Theism is a cluster of views. The first of which is that God exists. Others are that God has all the relevant omni-attributes, that He created the world, and that He communicates with and performs miracles on behalf of humans. There is one additional view that is often overlooked. It is that humans are obligated to worship God. Importantly, this issue of worship is of central importance to traditional theism. And it extends into pagan thought that predates Christianity. Take, for (...)
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  • Humility and epistemic goods.Robert C. Roberts & W. Jay Wood - 2003 - In Linda Zagzebski & Michael DePaul (eds.), Intellectual Virtue: Perspectives From Ethics and Epistemology. New York: Oxford University Press. pp. 257--279.
    Some of the most interesting works in virtue ethics are the detailed, perceptive treatments of specific virtues and vices. This chapter aims to develop such work as it relates to intellectual virtues and vices. It begins by examining the virtue of intellectual humility. Its strategy is to situate humility in relation to its various opposing vices, which include vices like arrogance, vanity, conceit, egotism, grandiosity, pretentiousness, snobbishness, haughtiness, and self-complacency. From this list vanity and arrogance are focused on in particular. (...)
     
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  • Robust Ethics: The Metaphysics and Epistemology of Godless Normative Realism.Erik Joseph Wielenberg - 2014 - Oxford, GB: Oxford University Press.
    Erik J. Wielenberg draws on recent work in analytic philosophy and empirical moral psychology to defend non-theistic robust normative realism, according to which there are objective ethical features of the universe that do not depend on God for their existence. He goes on to develop an empirically-grounded account of human moral knowledge.
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  • Can Ethics Provide Answers?: And Other Essays in Moral Philosophy.James Rachels - 1996 - Rowman & Littlefield Publishers.
    Esteemed moral philosopher James Rachels here collects fifteen essays, some classic and others extensively revised, on the nature and limits of moral reasoning. Rachels argues that, rather than simply expressing societal conventions, moral philosophy can subvert received opinion and replace it with something better. Combining a concern for ethical theory with a discussion of practical moral issues such as euthanasia, the rights of animals, privacy, and affirmative action. Can Ethics Provide Answers is an excellent collection for students, scholars, and anyone (...)
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  • God and Moral Obligation.C. Stephen Evans - 2013 - Oxford: Oxford University Press.
    God and moral obligations -- What is a divine command theory of moral obligation? -- The relation of divine command theory to natural law and virtue ethics -- Objections to divine command theory -- Alternatives to a divine command theory -- Conclusions: The inescapability of moral obligations.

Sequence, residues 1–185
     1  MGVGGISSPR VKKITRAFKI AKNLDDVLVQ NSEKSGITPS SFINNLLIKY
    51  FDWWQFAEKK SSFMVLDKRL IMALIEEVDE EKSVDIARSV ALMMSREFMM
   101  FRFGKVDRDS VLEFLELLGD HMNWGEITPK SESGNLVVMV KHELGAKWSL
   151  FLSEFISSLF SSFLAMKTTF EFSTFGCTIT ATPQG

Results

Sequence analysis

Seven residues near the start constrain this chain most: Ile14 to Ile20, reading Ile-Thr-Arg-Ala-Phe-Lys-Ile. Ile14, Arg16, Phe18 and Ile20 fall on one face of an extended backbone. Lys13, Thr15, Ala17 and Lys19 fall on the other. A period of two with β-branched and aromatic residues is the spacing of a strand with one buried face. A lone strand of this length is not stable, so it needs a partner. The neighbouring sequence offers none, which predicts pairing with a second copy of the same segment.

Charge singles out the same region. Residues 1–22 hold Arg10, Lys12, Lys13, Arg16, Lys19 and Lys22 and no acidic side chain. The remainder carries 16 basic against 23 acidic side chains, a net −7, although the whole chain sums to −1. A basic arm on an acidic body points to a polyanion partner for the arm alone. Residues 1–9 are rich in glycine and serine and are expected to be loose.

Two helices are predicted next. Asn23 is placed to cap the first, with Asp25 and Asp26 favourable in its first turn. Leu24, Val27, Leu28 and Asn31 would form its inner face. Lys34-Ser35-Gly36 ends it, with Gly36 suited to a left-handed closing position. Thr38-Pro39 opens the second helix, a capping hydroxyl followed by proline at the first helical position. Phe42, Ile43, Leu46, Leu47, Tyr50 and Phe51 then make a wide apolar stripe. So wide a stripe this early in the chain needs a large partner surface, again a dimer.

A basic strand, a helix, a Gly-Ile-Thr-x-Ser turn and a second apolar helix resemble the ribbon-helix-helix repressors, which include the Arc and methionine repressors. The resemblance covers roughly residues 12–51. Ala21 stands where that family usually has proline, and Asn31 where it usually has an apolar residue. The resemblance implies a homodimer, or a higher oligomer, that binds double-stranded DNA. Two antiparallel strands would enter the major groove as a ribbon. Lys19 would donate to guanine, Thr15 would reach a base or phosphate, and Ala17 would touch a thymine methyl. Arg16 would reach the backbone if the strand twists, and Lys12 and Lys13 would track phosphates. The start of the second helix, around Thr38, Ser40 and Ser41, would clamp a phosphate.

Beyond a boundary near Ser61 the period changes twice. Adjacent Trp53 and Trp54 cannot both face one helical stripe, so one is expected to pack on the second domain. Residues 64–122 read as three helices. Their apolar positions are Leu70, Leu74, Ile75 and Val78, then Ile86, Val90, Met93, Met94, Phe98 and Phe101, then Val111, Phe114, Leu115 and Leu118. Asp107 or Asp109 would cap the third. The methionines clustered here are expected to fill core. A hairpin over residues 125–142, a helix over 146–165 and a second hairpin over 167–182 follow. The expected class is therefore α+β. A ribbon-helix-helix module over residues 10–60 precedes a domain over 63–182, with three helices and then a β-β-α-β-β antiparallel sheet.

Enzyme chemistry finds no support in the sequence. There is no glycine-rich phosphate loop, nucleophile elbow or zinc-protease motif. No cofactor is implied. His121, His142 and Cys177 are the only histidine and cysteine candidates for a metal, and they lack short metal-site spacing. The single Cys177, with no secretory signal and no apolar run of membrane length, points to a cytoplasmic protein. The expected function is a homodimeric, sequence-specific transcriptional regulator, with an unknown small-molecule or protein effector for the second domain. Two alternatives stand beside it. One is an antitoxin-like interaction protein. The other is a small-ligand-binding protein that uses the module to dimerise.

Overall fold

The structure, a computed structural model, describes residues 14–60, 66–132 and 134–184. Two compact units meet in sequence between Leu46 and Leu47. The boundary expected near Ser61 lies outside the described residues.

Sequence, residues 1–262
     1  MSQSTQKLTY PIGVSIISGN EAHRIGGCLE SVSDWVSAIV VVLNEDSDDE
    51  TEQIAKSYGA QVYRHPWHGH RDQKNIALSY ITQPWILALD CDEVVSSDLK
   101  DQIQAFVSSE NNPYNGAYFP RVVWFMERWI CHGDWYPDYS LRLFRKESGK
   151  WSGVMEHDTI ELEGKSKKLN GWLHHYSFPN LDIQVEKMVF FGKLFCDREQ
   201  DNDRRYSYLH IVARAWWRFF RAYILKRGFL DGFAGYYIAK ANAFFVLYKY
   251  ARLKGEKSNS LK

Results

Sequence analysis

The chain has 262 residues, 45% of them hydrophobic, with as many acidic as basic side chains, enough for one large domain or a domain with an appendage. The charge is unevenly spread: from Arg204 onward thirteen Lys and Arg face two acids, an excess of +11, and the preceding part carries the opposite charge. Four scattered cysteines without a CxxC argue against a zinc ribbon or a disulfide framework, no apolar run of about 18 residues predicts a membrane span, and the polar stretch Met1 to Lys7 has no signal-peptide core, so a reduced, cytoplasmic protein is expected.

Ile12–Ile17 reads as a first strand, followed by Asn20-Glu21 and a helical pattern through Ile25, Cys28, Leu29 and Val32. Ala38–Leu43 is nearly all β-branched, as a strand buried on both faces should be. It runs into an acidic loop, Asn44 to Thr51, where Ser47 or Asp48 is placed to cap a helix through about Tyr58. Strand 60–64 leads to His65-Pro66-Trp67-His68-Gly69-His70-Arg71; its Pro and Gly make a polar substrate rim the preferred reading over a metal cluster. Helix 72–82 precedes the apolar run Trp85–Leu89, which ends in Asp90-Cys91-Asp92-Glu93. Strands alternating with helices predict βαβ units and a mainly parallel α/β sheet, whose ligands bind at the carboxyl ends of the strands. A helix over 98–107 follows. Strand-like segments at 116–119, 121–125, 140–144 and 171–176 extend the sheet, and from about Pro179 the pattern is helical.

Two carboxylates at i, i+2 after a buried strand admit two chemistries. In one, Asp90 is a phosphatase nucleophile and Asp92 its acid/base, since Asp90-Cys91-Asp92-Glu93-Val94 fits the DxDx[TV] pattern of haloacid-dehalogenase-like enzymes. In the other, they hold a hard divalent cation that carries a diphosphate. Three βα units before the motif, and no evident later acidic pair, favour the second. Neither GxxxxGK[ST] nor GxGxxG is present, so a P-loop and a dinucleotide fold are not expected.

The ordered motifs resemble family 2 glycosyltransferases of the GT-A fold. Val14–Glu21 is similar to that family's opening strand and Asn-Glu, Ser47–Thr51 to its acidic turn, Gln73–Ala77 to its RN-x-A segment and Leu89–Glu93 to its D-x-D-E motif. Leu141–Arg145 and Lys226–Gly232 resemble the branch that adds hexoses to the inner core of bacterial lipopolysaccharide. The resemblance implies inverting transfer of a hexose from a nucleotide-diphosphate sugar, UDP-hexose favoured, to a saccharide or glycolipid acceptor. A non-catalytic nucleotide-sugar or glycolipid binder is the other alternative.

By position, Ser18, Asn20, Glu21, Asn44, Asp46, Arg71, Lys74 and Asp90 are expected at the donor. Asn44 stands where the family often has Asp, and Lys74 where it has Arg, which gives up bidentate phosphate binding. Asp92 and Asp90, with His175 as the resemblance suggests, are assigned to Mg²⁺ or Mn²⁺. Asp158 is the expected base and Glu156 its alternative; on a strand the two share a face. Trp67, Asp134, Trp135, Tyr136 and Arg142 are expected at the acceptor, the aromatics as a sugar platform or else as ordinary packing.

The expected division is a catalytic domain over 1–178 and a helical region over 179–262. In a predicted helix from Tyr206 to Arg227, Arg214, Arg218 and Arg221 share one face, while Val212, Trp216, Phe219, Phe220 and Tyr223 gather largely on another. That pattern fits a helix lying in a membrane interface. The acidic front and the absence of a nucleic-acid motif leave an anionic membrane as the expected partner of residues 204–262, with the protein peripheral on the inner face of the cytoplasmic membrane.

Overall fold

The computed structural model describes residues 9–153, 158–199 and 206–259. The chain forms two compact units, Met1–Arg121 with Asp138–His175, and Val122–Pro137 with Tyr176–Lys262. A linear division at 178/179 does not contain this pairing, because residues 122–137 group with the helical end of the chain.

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  • Wandering in Darkness: Narrative and the Problem of Suffering.Eleonore Stump - 2010 - Oxford, GB: Oxford University Press.
    Wandering in Darkness reconciles the existence of an omniscient, omnipotent, perfectly good God with suffering in the world. Eleanore Stump presents the moral psychology and value theory within which the theodicy of Thomas Aquinas is embedded. She explicates Aquinas's account of the good for human beings, including the nature of love and union among persons, and then argues that some philosophical problems are best considered in the context of narratives. In the context of famous biblical stories and against the backdrop (...)
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  • God and goodness: a natural theological perspective.Mark Wynn (ed.) - 1999 - New York: Routledge.
    God and Goodness takes the experience of value as a starting point for natural theology. Mark Wynn argues that theism offers our best understanding of the goodness of the world, especially its beauty and openness to the development of richer and more complex material forms. We also see that the world's goodness calls for a moral response: commitment to the goodness of the world represents a natural extension of the trust to which we aspire in our dealings with human beings.
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  • Virtue and ignorance.Owen Flanagan - 1990 - Journal of Philosophy 87 (8):420-428.
  • Modesty as a Virtue.Michael Ridge - 2000 - American Philosophical Quarterly 37 (3):269 - 283.
  • Just Modesty.A. T. Nuyen - 1998 - American Philosophical Quarterly 35 (1):101 - 109.
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  • The Virtue of Modesty.Aaron Ben-Ze'ew - 1993 - American Philosophical Quarterly 30 (3):235 - 246.